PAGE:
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The Rhetoric Of Jonathan Foer's Against Meat

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The Rhetoric of Vegetarianism: An Analysis of Jonathan Foer’s “Against Meat” In his 2009 article “Eating Meat,” Jonathan Safran Foer uncovers the cruel and gruesome truth about factory farms and how they violate animal rights. Foer believes changing food habits prevents the sufferings of animals. He explains that factory farmed animals are suffering due to their inhuman living conditions and style of killing. Foer explains that chickens are cramped with twisted legs and cows are skinned or dismembered while still conscious. In addition, Foer clarifies that after making an animal suffer and go through torture, it is just plain wrong to eat it. Foer would often acknowledge his grandmother’s story, emphasizing her famine during the War and how she had refused a piece of meat offered to her. Even though she had been starving for days, she refused the piece of meat. It starts off with a passage called “The Fruits of Family Trees,” Foer uses pathos to touch the readers with his grandmother’s story. “Food for her, is not food. It is terror, dignity, gratitude, vengeance, joy humiliation, religion, history and love” (450). Food has a different meaning and impact on Foer’s grandmother after her horrific experience during World War 11 trying to survive off of…show more content…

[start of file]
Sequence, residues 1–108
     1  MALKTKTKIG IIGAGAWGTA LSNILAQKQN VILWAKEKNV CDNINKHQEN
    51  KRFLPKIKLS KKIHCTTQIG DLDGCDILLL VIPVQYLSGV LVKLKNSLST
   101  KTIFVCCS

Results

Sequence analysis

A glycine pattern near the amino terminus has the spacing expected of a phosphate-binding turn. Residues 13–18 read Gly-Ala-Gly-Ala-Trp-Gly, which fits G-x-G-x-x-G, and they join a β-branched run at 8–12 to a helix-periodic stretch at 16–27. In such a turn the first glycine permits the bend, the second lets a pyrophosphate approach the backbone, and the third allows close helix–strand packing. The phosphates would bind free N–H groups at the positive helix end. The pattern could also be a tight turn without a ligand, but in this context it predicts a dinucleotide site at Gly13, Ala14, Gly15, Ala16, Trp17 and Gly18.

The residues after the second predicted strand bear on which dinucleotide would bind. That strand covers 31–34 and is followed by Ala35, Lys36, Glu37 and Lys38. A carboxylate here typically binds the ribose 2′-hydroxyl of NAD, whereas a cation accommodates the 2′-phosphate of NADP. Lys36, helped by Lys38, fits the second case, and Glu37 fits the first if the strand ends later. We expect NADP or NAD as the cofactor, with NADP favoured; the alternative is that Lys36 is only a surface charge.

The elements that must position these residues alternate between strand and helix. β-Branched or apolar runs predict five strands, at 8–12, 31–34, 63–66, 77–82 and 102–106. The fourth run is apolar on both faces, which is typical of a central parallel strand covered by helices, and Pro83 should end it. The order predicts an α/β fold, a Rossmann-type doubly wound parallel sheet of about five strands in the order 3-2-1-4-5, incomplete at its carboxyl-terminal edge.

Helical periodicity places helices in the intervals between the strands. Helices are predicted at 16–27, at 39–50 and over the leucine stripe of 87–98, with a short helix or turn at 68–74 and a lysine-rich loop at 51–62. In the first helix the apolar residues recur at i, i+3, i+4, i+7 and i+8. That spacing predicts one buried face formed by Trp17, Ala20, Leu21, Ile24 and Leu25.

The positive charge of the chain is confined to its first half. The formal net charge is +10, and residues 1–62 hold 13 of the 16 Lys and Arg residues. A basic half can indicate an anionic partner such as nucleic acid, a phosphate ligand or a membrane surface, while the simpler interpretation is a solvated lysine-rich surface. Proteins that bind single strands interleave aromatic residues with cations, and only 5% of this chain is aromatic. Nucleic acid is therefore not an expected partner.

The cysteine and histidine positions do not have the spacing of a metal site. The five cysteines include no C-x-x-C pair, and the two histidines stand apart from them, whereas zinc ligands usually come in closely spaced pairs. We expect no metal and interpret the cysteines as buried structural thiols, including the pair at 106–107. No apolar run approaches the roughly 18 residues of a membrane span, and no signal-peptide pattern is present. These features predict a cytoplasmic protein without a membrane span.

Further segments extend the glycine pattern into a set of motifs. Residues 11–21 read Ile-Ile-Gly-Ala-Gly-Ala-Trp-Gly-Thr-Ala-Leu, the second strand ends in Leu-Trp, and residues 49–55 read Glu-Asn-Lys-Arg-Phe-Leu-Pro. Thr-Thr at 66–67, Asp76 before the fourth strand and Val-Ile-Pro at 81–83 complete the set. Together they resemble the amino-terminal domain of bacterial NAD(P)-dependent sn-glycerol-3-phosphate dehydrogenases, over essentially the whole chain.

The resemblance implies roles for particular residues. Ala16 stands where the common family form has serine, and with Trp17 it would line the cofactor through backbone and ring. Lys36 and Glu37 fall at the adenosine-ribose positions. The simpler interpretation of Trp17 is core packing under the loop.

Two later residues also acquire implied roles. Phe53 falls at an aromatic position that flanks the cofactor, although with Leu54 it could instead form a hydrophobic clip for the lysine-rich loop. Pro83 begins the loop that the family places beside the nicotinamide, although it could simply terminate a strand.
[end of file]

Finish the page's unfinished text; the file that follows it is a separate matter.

The moral of the story is don’t take anything for granted. She uses a metaphor comparing war to hell, “During the war it was hell on earth, and I had nothing” (460). While dying of hunger Foer’s grandmother rejects an offer that could save her life, a piece of meat, she says, “If nothing matters, there’s nothing to save” (460-461). Something that was interesting was the view he took out from his grandmother's story. The point he made was that just being alive isn't enough. We should accomplish more beyond being alive, whether you apply this ethically or to vegetarians and caring about
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